Home Politics John Aronno: On Politics New York City’s Education Reforms Should Cause Caution in Alaska

New York City’s Education Reforms Should Cause Caution in Alaska

Photo courtesy of David Shankbone, used under Creative Commons License.
Photo courtesy of David Shankbone, used under Creative Commons License.

This refusing-to-die “Education Session” could easily be recognized by a much more recognizable name: “The Anti-Regulation Session.” Most all of right-led politics hinges upon an underlying theme of anti-regulation rhetoric. The term “overreach” has been bandied about like an uncensored Miley Cyrus video.

Sometimes, lawmakers are absolutely justified in their cries against overreach. Universal vilification of Interior Secretary Sally Jewell’s decision to bar a road connecting King Cove to Cold Bay is a prime example.

Other times, the same lawmakers objecting are overreaching themselves. SB49, a measure politically defining what constitutes a medically necessary abortion, restricts physicians’ ability to define what “medically necessary” means.

Of course, claiming abusive overreach is just another way to object to regulation. But by applying the more visceral label, it removes any claim to legitimacy that a regulation might have. Despite how absurd those defenses be, some regulations are needed in civil society.


The Bloomberg Objection.

After a summer-turned-fall-turned-winter of overreach hysteria: “overreach on steroids” press releases and overreach summits, a new term was introduced this session. With the same vigor and desk thumping that came with the “overreach” hype, behold: the Bloomberg Objection.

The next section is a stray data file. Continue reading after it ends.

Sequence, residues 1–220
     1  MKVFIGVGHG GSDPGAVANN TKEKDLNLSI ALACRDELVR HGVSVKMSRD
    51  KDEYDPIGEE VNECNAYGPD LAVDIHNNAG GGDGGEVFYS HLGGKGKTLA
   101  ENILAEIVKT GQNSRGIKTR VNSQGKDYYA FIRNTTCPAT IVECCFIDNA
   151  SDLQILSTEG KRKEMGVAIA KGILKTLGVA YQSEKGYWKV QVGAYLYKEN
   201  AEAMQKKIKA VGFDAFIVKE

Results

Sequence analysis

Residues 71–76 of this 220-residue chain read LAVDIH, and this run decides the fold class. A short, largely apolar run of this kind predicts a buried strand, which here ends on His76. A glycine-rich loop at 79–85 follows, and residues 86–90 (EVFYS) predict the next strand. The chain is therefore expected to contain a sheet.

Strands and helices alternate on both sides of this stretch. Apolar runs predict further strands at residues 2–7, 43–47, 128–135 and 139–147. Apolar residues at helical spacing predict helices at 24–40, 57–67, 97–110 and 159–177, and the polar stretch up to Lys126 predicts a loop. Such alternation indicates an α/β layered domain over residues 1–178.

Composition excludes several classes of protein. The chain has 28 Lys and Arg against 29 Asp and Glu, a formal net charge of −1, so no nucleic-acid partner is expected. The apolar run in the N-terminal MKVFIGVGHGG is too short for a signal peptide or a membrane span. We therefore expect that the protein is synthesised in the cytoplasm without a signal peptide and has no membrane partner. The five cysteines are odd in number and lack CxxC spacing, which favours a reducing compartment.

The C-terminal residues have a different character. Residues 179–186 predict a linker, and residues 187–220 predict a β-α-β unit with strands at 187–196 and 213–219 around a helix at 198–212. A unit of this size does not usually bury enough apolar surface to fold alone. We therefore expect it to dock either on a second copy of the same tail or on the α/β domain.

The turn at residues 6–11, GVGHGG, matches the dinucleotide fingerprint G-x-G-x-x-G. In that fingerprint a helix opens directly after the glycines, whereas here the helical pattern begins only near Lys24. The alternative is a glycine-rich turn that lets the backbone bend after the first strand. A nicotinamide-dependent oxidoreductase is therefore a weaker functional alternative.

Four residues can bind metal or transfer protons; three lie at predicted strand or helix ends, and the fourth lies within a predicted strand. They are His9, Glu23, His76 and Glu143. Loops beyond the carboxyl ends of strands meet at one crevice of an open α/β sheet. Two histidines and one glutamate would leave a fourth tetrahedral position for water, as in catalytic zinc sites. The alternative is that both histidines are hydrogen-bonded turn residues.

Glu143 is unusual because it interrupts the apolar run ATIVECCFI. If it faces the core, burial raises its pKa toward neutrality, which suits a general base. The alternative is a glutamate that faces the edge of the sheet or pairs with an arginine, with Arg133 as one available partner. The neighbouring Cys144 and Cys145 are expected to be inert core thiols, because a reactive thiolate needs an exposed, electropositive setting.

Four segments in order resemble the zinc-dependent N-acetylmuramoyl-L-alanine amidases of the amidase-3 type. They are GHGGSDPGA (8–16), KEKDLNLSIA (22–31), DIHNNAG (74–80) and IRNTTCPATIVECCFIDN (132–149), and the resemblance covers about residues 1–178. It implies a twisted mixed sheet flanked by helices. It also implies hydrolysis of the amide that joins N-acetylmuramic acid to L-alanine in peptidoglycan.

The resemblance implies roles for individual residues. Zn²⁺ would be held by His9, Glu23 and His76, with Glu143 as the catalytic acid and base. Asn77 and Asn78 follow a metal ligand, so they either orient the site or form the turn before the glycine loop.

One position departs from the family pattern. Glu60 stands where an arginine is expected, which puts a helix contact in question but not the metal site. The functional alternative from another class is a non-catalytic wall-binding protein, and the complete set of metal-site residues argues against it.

During myriad public hearings, every mention of a questionable regulation immediately gave way to someone reflexively decrying said regulation’s undeniably vampiric affects on liberty by simply shouting out the name of former New York City mayor, Michael Bloomberg.

A proposed statewide smoking ban was met by an offended e-cigarette store owner in the valley: “Who’s in charge here, Michael Bloomberg?” A law banning synthetic drugs met similar criticism. A law removing the requirement to post “No Trespassing” signs on private property was lambasted with the Bloomberg Objection. Surely, if we allow the government to tell us to notify people when they are happening upon our yard, the next logical step is a ban on Big Gulps. Which you can’t buy here anyway.

At every turn, the former mayor leapfrogged from noun to verb to fist-shaking exclamation: the government is Bloomberging! They’re pulling a Bloomberg!

Bloomberg, Bloomberg, Bloomberg!

And yet, strangely, the Bloomberg Objection, to my knowledge, was never raised during the extended conversation in which it should have found itself right at home: HB278, the omnibus education package still haunting the halls of Juneau.

The independent mayor is abhorred by the right for heavy-handed regulations aimed at reducing smoking, drinking, obesity, and his financing of pro-gun control candidates. The left (including, in this case, Libertarians) reviles him as an autocrat, implementing authoritarian policies, like “Stop and Frisk,” and turning the NYPD into his own personal army, just three helicarriers shy of Marvel’s S.H.I.E.L.D.

Obviously, the intricacies of governing in post-9/11 New York are (thankfully) a far cry from life in Alaska, but there is a distinct disdain by residents of the Last Frontier who shudder at the thought of his totalitarian interpretation of the executive branch.

And that perception should concern us when it comes to the similarities between Governor Parnell’s proposed changes to public education in Alaska, and what happened in New York City.


Bloomberging Public Education.

Michael Bloomberg was elected mayor in 2001, campaigning on market-based education reforms, including new testing schemes, merit pay, teacher accountability, and charter

Photo by Zach D Roberts
Photo by Zach D Roberts